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Corporations and Offensive Social Media Warfare Tactics

As with any organization, corporations cannot afford to merely be defensive in a conflict situation with social media warfare tactics in play. Offensive social media warfare tactics can become important tools for neutralizing or undermining adversaries. Many offensive tactics need to be put into play simultaneously because offensive tactics are targeted toward the opposition in specific situations. Offensive tactics are shown in Table 4.2. These offensive tactics also can be used against corporations and can result in considerable damage to reputation and even disruption of operations.

Offensive social media warfare tactics, like defensive tactics, have long been part of the corporate arsenal, but perhaps under a different name. They are also in the arsenals of corporate adversaries who will not hesitate to use them in full force and prolonged conflicts. The most relevant tactics for offensive or counteroffensive actions are

  • ? Deception is the process of using invalid or false information or pretense to try to convince opponents or other interested parties that a specific position or proposition is true when there is not a factual basis for the position.
  • ? Confusion tactics are processes designed to disorient and deceive opponents or other interested parties regarding what is real and not real. In many ways, it is a classic propaganda method meant to create fear, uncertainty, and doubt.

Table 4.2 Offensive Social Media Tactics in Corporate Environments

Deception: False promises and invalid information.

Confusion: Creating and perpetuating uncertainty.

Dividedness: Separating opponents.

Exposure: Unauthorized release of information.

Trolling: Post opposing messages to existing posts.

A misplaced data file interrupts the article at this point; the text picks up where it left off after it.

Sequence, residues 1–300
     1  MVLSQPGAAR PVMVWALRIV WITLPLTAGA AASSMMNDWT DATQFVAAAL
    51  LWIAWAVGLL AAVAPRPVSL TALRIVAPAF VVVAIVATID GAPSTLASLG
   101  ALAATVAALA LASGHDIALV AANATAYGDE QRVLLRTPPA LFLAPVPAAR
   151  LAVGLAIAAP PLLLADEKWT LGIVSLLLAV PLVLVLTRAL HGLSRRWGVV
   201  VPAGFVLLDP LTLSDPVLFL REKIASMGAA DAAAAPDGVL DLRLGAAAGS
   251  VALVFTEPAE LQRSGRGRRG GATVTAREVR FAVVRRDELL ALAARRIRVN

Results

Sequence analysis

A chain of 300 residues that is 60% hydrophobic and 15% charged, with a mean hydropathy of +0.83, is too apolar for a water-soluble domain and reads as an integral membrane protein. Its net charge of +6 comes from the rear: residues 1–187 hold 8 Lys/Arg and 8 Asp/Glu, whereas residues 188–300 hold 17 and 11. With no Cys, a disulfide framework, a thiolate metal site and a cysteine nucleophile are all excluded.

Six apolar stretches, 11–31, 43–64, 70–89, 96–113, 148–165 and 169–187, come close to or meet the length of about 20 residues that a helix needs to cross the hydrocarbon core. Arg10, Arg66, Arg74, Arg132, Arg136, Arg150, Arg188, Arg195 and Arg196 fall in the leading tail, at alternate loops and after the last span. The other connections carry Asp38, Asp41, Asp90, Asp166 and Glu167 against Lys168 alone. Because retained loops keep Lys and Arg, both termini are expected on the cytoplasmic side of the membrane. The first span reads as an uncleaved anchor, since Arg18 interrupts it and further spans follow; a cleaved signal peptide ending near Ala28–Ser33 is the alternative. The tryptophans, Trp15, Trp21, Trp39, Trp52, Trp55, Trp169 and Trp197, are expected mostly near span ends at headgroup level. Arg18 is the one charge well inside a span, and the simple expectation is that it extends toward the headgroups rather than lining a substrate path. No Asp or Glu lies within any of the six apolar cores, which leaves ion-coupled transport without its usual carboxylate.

Relationship building: Establishing cooperative efforts with likeminded organizations.

Nullify opponents: Efforts to discredit opponents.

Blended threats: Combined activities to accomplish offensive objectives.

  • ? Divisiveness tactics involve instigating hatred and suspicion among opponents, or recruiting interested as well as non-interested individuals into a cause that aligns with the interests of the corporation.
  • ? Exposure tactics most often involve the unauthorized release of information that might embarrass or otherwise jeopardize the owner or creator of the information exposed, in this case, organizations that may oppose a corporation’s actions or positions.
  • ? Trolling is the process of having imposters or neutral parties respond to a social media post by posting responses that oppose the messages of an existing post, which was made by individuals or in the name of organizations that oppose a corporation.
  • ? Nullifying opponents as an offensive tactic is the process of discrediting opponents in the eyes of interested and even non-interested parties. Nullifying efforts can reinforce existing positive relationships and help to attract new relationships.
  • ? Blended threats are combined activities that are designed to accomplish offensive objectives. They might include deception tactics, combined with trolling opponents to help legitimize the deceptive post made by an opposing organization or individual. In a blended offensive situation, multiple social media platforms can be used along with mixed media methods, including texts, photos, or videos. This again, is the modern approach to classic propaganda campaigns.

Many companies, or their owners and high-level executives, have come under fire in social media conflicts over the last several years. Pharmaceutical companies and their executives face unrelenting social media attacks when their price gouging is revealed. Several automakers faced heavy social media attacks for falsifying mileage ratings on their vehicles and when serious safety defects were made public by researchers or regulators.

As social media conflicts intensify, more and more people join in quickly to share their experiences and encourage each other to keep up an attack on a company. Literally overnight, thousands of people can come together in a conflict against a target corporation. As the volume of social media posts increases, broadcast or web media usually picks up the story and might add new information to the conflict and continue to incite people.

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